Despite the likelihood of sustained earnings growth driven by margin increases, Charter currently trades for a valuation at or below peer levels
Charter’s management is clearly massively bullish on Charter. Greg Maffei recently discussed how bullish he is, Charter’s CEO has options that don’t vest until the share price start with a “$4” or “$5”, and buried within the company’s filings are hints that they have recently ramped up their share repurchase program to a level that would imply repurchasing >10% of their shares outstanding this year and possibly more than 5% of their shares in Q2 alone (it’s a complicated story that involves digging through a lot of filings, so I would again encourage you to read the original post to fully understand that one). Given the degree of undervaluation, buying back shares that rapidly should drive rapid appreciation for the remaining shares.
That concludes point #2 (Charter and GCI to drive above average NAV growth). Let’s now turn to point #3.
Point #3- Ventures is poised to become a share buyback machine and will likely be taken out at a premium in the next few years.
While I think #2 is perhaps the most important point, point #3 is the most exciting point if you really believe in the long term upside of Ventures / GCI / Charter. As soon as the deal closes, I expect Ventures to become a rapid share repurchaser, which will drive significant NAV / share growth for the remaining shares given the discount they’ll be done at, and I expect Ventures to be acquired at a nice premium (almost certainly by Charter) in the next few years.
Let’s start with the share repurchase point. Once Ventures closes on the GCI deal, Ventures will begin retiring shares at what I believe will be an impressive clip. Share repurchases will be driven by both GCI cash flow (GCI should generate $100m+ in after tax FCF and growing as their capital intensity declines post a big capex project (project TERRA) they are concluding / as margins improve) and disposal of Ventures non-core assets like FTD and TREE. Management confirmed both of these points on their M&A call (“Now that we've set the direction for GCI Liberty in a clear and crisp fashion and we've identified non-core corporate assets such as FTD, we can use those to fuel future buyback. And in addition, the acquisition of GCI will have high free cash flow generating assets can also be used for future buyback. As I said, we anticipate using both streams to repurchase shares.”).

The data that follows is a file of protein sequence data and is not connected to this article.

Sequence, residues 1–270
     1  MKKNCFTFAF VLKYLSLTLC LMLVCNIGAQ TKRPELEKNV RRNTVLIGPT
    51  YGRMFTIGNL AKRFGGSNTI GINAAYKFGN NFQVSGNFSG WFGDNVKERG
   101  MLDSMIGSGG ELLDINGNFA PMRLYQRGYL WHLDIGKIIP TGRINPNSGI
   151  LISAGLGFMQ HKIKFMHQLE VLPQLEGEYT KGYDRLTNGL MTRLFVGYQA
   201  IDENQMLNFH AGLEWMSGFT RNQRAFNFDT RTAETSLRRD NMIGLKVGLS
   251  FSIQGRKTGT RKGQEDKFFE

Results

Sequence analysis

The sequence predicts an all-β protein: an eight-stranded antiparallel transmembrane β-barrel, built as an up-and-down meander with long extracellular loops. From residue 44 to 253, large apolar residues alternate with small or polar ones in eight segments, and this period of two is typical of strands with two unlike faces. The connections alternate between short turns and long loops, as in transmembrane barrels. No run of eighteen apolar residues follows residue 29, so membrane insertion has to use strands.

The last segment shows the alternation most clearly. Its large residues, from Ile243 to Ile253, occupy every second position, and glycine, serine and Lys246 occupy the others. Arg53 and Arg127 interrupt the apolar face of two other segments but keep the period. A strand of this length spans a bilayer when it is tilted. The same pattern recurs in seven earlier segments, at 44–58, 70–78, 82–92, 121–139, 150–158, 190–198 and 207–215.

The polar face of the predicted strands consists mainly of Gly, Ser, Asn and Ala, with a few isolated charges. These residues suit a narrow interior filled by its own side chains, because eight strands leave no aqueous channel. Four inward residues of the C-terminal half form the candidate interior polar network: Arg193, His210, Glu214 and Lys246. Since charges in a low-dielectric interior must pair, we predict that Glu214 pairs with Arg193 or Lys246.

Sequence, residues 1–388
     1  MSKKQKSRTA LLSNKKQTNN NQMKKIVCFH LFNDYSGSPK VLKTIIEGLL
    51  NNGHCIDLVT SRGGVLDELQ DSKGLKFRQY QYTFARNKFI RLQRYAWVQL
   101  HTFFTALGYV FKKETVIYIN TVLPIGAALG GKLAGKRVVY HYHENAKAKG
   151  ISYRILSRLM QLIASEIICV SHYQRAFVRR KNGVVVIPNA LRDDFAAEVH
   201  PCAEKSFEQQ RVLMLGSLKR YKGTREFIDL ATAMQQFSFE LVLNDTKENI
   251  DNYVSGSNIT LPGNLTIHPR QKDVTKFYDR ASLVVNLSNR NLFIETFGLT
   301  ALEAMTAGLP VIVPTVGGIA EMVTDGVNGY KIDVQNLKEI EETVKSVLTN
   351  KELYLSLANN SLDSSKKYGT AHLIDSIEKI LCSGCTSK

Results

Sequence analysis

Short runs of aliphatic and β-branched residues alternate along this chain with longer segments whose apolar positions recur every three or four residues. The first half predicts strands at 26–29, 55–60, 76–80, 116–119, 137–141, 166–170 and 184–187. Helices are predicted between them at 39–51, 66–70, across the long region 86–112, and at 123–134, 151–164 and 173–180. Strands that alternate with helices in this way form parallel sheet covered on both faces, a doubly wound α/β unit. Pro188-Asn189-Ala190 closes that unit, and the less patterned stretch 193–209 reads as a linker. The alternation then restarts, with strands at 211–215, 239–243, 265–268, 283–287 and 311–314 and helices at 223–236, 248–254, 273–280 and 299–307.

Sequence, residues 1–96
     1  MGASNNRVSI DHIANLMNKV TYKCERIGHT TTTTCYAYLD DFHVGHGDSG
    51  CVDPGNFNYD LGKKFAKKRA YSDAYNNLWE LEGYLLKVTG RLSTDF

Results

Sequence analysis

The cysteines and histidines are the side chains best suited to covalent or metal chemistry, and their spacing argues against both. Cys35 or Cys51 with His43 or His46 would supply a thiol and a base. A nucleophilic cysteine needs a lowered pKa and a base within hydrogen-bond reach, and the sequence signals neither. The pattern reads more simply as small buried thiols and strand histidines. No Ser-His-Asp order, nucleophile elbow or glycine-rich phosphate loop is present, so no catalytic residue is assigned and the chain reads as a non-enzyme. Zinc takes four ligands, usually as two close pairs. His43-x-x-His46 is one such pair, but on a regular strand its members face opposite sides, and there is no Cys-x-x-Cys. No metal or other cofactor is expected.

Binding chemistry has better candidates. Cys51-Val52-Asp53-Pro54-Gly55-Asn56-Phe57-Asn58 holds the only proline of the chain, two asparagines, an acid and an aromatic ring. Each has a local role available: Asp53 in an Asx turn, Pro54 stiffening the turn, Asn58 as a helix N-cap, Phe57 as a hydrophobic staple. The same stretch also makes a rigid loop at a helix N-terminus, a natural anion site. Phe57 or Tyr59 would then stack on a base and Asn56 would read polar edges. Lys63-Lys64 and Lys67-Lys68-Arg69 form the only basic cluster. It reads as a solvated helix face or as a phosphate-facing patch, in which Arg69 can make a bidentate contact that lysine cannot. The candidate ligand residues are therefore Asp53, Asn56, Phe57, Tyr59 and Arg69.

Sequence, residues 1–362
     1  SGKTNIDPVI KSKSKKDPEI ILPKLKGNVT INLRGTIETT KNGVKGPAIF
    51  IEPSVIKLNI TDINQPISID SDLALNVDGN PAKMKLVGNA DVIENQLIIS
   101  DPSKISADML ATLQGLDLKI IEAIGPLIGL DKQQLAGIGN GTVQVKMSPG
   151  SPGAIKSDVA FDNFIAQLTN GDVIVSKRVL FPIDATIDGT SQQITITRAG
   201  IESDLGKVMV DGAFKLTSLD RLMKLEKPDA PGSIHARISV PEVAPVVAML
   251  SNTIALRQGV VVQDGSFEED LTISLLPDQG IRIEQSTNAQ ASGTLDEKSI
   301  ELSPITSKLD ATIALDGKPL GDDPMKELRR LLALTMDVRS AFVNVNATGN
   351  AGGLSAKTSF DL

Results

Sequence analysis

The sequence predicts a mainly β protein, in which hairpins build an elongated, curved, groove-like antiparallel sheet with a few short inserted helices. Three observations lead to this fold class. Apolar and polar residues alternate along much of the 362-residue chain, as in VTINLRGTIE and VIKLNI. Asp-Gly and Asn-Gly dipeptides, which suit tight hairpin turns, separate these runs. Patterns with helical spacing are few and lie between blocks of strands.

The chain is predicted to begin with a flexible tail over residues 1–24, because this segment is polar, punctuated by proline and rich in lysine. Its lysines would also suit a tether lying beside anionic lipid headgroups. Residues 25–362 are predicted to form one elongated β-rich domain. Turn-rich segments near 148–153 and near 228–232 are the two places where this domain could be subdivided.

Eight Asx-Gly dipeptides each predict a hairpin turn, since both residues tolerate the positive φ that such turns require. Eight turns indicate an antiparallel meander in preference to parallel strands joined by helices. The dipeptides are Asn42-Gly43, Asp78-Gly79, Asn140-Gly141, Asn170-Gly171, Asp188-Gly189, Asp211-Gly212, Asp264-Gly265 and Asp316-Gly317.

While Ventures becoming a large share repurchaser will not exactly come as a surprise to people who follow anything in the Liberty complex, as they’ve generally all been pretty strong share repurchasers when shares trade below NAV, it’s still an important part of the story. Again, Ventures is a levered play on value creation at Charter and GCI trading at a discount to underlying NAV. If Charter and GCI can deliver on their margin improvement / value creation opportunities, Ventures share repurchases at a discount today will be unbelievably accretive to the remaining shares in a few years.
Looking longer term, I’d expect Ventures to eventually be acquired at a nice premium to today’s share price. Clearly the most obvious acquirer is Charter, as an acquisition between the two would have massive synergies (Charter can cut significant costs by putting GCI onto their video programming schedule and using their scale to pressure GCI’s suppliers) and a clear financial rationale (Charter could retire all of their shares Ventures owns, which would make for a fantastic share buyback). Interestingly, Charter has been a frequently rumored target of Verizon, and GCI would have clear natural synergies with Verizon as well (Verizon uses GCI’s network in Alaska). So whether Charter remains a standalone company or eventually gets acquired by Verizon (or someone else), I expect longer term GCI will represent a very accretive and natural target for Charter. Of course, it helps that all of the Liberty team sits on Charter’s board, and it’s already been rumored in the press that Malone is buying GCI with an eye towards eventually flipping it to Charter.
Deal break: If the deal were to break for some reason, GCI shares would probably collapse. I doubt there’s too much serious downside in Ventures- they trade for ~85% of their no deal NAV, so while they’d probably be volatile in a deal break, I doubt they’d go down too much.
Deal breaks odds are incredibly low. They need FCC approval (given the wireless component) and approval from some Alaska regulatory bodies; I can’t see any reason why they wouldn’t get them given Ventures is basically just a holding company (no anti-trust), the deal significantly improves GCI’s balance sheet, and both companies have been very clear that they want to continue investing / growing the business.
Further Alaskan economy dip: GCI is a pure play Alaska telecom company, so further dips in the Alaskan economy wouldn’t be great for it. They’ve been pretty clear on their calls that the Alaskan economy is in recession and the recession hasn’t been great for them.